14/04/2014 08:15 BST | Updated 07/06/2014 06:59 BST

Free Wheel and Grip With Confidence


This weekend I learnt about free wheel hubs, something I must say is not usually on my weekend lesson plan. You see, I have just purchased a 1964 Land Rover Series 2a, where "lucky", says my mechanic, "you have them". To disengage (turn the free wheel hubs towards the front of the vehicle for 2/4) or engage (turn the free wheel hubs towards the back of vehicle for 4/4) operates the half shafts from / to the wheels for when I want to go off-road, drive in the snow, travel across mud and so forth. These are in addition to the two extra levers next to the gearstick, inside the vehicle, the yellow, of which you 'thump' down (well, he said, "use the palm of hand with gusto" which in turn releases the red lever which I pull towards me to the back of the vehicle) and voila I have manually engaged the vehicle into 4 wheel drive, all to be exercised whilst the vehicle is at a standstill and in neutral.

Why is having both free wheel hubs and the usual low range levers better I asked, "Some people say that they get an appreciable saving fuel wise as the axle internals are not being rotated as you drive thus saving fuel and tyre wear etc..." he continued explaining more than my innocent ears would surmount I looked at them I thought they might make for a great step up for delving into the engine bay...

However, I digress, I realised how this manual procedure is exactly the same as the new 'computerised' behaviours in the new Range Rover Sport, Evoque, and Land Rover Discovery of which I drove recently at Eastnor Castle, the dedicated off-road testing ground for Land Rover. The same principles apply 50 years on, only now, instead of getting out of your vehicle and turning the free wheel hubs or 'thumping' a yellow lever, one can sit in the comfort of heated seats (with added mood lighting in the cabin on some models), put the car into neutral (some things never change) and choose which road surface you are embarking upon. If you are unsure, just let the car choose it for you.

Whilst driving on some of the 43 miles of purpose built track set within the grounds of this enchanting Castle, the home, for over 200 years, to the Hervey Bathurst family, I was surrounded by spectacular views and haunting or perhaps I might say, daunting woodland to drive in.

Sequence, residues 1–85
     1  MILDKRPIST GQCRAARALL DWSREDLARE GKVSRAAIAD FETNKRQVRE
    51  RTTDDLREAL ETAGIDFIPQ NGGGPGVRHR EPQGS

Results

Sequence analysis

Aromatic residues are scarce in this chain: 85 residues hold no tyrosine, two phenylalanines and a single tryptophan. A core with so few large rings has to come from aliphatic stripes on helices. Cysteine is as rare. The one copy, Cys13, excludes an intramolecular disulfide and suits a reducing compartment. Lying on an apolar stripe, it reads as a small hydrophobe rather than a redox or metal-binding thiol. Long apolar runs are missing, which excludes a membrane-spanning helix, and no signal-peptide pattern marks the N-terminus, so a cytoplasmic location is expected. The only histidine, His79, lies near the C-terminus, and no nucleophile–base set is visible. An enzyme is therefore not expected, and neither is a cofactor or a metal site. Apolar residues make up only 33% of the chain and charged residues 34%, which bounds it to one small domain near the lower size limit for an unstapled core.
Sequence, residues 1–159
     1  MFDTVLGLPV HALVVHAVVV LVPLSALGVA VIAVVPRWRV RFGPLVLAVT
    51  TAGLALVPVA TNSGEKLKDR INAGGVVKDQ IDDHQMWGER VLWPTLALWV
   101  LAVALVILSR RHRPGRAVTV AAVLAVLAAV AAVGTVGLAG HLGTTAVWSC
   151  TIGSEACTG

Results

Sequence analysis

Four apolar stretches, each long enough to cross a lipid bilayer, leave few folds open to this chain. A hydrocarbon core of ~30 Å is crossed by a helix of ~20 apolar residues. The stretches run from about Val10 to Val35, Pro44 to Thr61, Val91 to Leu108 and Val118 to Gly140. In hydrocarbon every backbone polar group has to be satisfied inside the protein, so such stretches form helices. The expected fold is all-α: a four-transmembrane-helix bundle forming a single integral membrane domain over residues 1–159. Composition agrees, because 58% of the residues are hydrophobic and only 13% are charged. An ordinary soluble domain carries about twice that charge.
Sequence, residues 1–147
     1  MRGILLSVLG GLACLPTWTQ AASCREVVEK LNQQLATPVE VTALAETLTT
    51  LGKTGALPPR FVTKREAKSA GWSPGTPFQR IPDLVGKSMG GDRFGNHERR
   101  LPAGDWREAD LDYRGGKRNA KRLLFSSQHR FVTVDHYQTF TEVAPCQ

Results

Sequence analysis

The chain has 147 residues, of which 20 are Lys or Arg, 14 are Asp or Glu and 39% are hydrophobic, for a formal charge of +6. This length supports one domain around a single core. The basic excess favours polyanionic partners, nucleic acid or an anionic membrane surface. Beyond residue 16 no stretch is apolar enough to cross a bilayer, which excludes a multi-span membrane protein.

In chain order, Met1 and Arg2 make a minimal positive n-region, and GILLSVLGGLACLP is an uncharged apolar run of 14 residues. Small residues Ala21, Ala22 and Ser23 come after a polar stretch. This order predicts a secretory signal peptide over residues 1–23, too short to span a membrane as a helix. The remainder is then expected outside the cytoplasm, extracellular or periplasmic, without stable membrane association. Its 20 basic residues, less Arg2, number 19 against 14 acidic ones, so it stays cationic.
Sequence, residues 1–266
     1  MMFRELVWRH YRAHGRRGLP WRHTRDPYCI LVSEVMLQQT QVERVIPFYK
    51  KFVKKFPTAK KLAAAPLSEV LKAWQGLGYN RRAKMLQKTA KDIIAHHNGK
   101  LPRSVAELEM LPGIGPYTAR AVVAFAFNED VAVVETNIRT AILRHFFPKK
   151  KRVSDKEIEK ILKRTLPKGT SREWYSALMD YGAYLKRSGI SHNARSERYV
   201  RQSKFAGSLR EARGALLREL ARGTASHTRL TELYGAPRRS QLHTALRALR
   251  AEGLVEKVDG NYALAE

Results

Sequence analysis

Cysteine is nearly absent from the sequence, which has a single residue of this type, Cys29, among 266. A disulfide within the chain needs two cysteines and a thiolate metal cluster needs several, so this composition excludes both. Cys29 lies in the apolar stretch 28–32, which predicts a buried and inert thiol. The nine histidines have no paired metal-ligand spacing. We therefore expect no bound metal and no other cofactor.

After driving the Defenders 90 and 110 both TD4 XS at the usual speeds on the wide open roads - and believe me this was an experience in itself, I then went on to drive the Discovery 4 SDV6 HSE Lux with a normal Wading depth - 600mm, off-road approach angle - 37.2˚ and optional independent rear locking diffs, the Range Rover SDV8 Vogue SE and the Range Rover Evoque SD4 Dynamic LUX 6 Speed 4WD. All models with Stop Start, options of heated steering wheels, Surround cameras, traffic assist... advanced technologies that make you forget that you are travelling up and down woodland paths and on man-made testing spots. Investigating how the dynamics of the differentials, axels and stability of the cars were all coping and in which particular way, it was an off-road test not only for the car but for me to understand how to make the car traverse into or rather onto further crevasses, at very very slow speeds and with very accurate precision on narrow (VERY narrow) wooded stumped paths and the man-made rocky terrains. Going downhill was another 'spectacular' that I held my breath for longer than imaginable. The Discovery, Evoque and Vogue all held on to an almost vertical decent. With a touch of the speed limiter dial, I was able to keep free from the brakes and allow the cars to do the driving.

I had not realised that when I was looking at the touch screen console area in these modern cars, where the animations were sharing their drive train creations, of where the wheels had the power, did I think that it would help me to understand how my free wheel hubs work on my 1964 old girl. So whilst my mechanic continued with enthusiastic passion about the differentials... I was there remembering my Experience at Eastnor.

Today, whilst my 1964 Series 2 sits patiently in the driveway, I do feel just that little bit lucky, but lucky to be part of such an historic motoring family. I can't wait to turn the free wheel hubs towards the back and 'thump' the yellow lever, I hope she might be able to take on some, perhaps less strenuous routes, after all, she is fabulous and fifty!

Photos courtesy of Jaguar Landrover and Lara Platman